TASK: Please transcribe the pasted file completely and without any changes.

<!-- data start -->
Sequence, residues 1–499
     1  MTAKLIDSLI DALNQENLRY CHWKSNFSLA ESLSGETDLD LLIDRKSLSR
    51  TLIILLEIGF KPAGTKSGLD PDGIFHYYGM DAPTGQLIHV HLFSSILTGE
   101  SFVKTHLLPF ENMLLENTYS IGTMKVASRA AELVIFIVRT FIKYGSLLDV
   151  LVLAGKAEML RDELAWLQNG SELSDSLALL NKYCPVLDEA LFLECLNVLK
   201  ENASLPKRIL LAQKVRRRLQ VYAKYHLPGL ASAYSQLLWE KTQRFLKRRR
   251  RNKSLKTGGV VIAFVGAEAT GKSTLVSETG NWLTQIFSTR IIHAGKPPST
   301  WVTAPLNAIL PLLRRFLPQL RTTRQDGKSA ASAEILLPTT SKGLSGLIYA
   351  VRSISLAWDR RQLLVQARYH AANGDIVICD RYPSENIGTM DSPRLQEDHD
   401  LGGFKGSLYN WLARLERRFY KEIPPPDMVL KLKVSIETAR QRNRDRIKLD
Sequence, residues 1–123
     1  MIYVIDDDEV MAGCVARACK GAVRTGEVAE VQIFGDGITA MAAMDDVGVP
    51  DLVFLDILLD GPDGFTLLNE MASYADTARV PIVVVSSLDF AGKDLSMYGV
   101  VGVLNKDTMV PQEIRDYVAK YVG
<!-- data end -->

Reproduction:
Sequence, residues 1–499
     1  MTAKLIDSLI DALNQENLRY CHWKSNFSLA ESLSGETDLD LLIDRKSLSR
    51  TLIILLEIGF KPAGTKSGLD PDGIFHYYGM DAPTGQLIHV HLFSSILTGE
   101  SFVKTHLLPF ENMLLENTYS IGTMKVASRA AELVIFIVRT FIKYGSLLDV
   151  LVLAGKAEML RDELAWLQNG SELSDSLALL NKYCPVLDEA LFLECLNVLK
   201  ENASLPKRIL LAQKVRRRLQ VYAKYHLPGL ASAYSQLLWE KTQRFLKRRR
   251  RNKSLKTGGV VIAFVGAEAT GKSTLVSETG NWLTQIFSTR IIHAGKPPST
   301  WVTAPLNAIL PLLRRFLPQL RTTRQDGKSA ASAEILLPTT SKGLSGLIYA
   351  VRSISLAWDR RQLLVQARYH AANGDIVICD RYPSENIGTM DSPRLQEDHD
   401  LGGFKGSLYN WLARLERRFY KEIPPPDMVL KLKVSIETAR QRNRDRIKLD
Sequence, residues 1–123
     1  MIYVIDDDEV MAGCVARACK GAVRTGEVAE VQIFGDGITA MAAMDDVGVP
    51  DLVFLDILLD GPDGFTLLNE MASYADTARV PIVVVSSLDF AGKDLSMYGV
   101  VGVLNKDTMV PQEIRDYVAK YVG